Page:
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Sliding Into the Diamond Dust

24-carat Thoughts

Base Coach Helmets
Sliding Into The Diamond Dust By Tim Pollins

Sliding Into the Diamond Dust

By Tim Pollins

Following are a boatload of 24-carat thoughts that entered my tiny brain as I watched the 2017 softball playoffs, up to and including the Women's College World Series.  In no particular order:

1)  Final Matchup:  Sooners do it again!  Florida and Oklahoma entered the postseason with each having won two of the past four titles.  The victor in this tilt would own a third recent championship and bragging rights.  Game 1 was a roller coaster ride for the ages, with unlikely comebacks by Florida falling just short in the 17-inning affair.  Game 2, though feeling a bit anticlimactic at first, ratcheted up the intensity and the prcoeedings were taut thereafter.  The Sooners grabbed the national crown with their unique blend of dominant pitching, stellar defense, clutch hitting, blazing team speed, and the inspired coaching of Patty Gasso.  In 2016, Oklahoma was deemed by many — myself included — to be a year away from being serious contenders.  Instead, they became white-hot and steamrolled to the crown.  This year there was talk of the ballclub being less hungry right up until they went on another blistering tear and — despite some anxious moments courtesy of North Dakota State — the Sooners dispatched whichever teams stood in their way of a title defense.  The players are smart and clutch and Gasso, their fearless leader, routinely makes gutsy calls as if they were no-brainers.

2)  Here's how I imagine the exchange went between a Minnesota Representative and a member of the Selection Committee:

MR:  In this year of stifled offense, we have two of the few players who have over 70 runs batted in, plus a 20-homer hitter.  Our workhorse pitcher is no worse than the second or third best performer in the circle in the country.  Our four best regular batters hit for averages of .426, .396, .380, and .374.  All 8 of our batters who started every game hit .330 or above. Entering the upcoming playoffs, the team is 14-0 at home this season, 18-3 on the road, and 18-0 at neutral sites.  The ballclub was 22-1 in Big Ten competition.  Against non-conference opponents who are in this tournament, the Golden Gophers collected two wins apiece from Texas, Notre Dame, and North Dakota State, and one each from LSU, Fresno State, Oregon State, and California.  In picking up those 10 impressive victories, Minnesota lost zero games against that group. The Gophers were ranked as high as #1 late in the campaign by both major polls.  So how do you rate this juggernaut?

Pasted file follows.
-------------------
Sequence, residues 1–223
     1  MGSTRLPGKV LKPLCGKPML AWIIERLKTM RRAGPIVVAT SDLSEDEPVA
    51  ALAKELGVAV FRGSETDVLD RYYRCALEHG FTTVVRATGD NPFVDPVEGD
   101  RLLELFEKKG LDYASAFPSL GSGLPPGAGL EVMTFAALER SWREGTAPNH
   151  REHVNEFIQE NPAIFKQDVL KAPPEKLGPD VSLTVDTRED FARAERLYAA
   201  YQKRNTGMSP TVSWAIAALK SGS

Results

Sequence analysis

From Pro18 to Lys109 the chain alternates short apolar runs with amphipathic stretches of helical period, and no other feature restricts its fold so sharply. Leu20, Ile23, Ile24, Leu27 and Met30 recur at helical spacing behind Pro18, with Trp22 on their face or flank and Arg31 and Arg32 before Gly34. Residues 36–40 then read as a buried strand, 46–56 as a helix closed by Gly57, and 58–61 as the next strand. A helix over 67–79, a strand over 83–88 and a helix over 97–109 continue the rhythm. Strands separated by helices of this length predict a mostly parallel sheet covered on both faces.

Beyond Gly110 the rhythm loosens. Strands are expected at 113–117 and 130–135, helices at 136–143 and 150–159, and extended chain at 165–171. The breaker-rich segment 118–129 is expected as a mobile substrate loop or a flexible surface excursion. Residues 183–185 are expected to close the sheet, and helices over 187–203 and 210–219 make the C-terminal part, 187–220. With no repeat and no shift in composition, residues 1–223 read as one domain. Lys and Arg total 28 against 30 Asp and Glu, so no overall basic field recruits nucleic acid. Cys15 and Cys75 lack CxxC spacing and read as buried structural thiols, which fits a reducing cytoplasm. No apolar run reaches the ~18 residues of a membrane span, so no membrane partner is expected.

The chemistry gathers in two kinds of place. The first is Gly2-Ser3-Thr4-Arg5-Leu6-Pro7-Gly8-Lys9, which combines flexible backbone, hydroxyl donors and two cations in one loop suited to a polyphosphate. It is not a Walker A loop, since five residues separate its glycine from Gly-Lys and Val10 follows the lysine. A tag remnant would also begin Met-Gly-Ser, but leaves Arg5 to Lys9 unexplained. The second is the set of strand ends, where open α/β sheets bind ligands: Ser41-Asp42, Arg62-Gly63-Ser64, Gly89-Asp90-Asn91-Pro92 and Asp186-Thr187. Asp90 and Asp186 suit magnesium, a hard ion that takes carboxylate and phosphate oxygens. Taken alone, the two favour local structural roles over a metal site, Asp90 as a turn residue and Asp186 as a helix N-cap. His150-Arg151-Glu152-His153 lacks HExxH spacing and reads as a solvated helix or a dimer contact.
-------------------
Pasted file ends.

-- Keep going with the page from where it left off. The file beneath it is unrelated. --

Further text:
SC:  Um, a 17th seed, I guess.

And that led to what will always be called The Minnesota Snub.

If the Selection Committee member had been a single individual, he would have been peppered with questions along the lines of “It's personal, isn't it?”  I had Minnesota in my top 3 for most of the season, as obviously did many others.  For them not to be given one of the 16 national seeds was a miscarriage of justice.  In addition to Minnesota, the shocking twist was unfair to Alabama.  Based on its own excellent track record, the Crimson Tide was just a tad down this season and was mostly hoping to be considered strong enough to host a regional.  They were, but having the Golden Gophers on tap as a second-round opponent was not what they deserved.  I was fit to be tied when one of the talking heads — seeing that all 16 seeds had advanced to the super regionals — somehow had the nerve to mouth something like “Well, the Committee got it totally right.”  Wrong!  Yes, Minnesota did run into a buzz saw in the form of Alabama pitching.  To me, the battle between Osorio and Groenewegen was the best-pitched game from two opposing pitchers that I saw all year.  I and others are clearly arguing that the Gophers should have been given a seeding through the super regionals.  You don't think home field would have meant a lot in a reasonably seeded bracket?  In my view, Minnesota was cheated out of a chance to contend for national glory.  We can't even be sure that the Selection Committee wasn't idiotic enough to rank the Big Ten regular season and conference tourney champs well below 17.  This is chicanery at its nadir.  Or as Cheri Kempf put it about the controversial ending to the fabuous pitching duel:  “That game ended on strike 2.”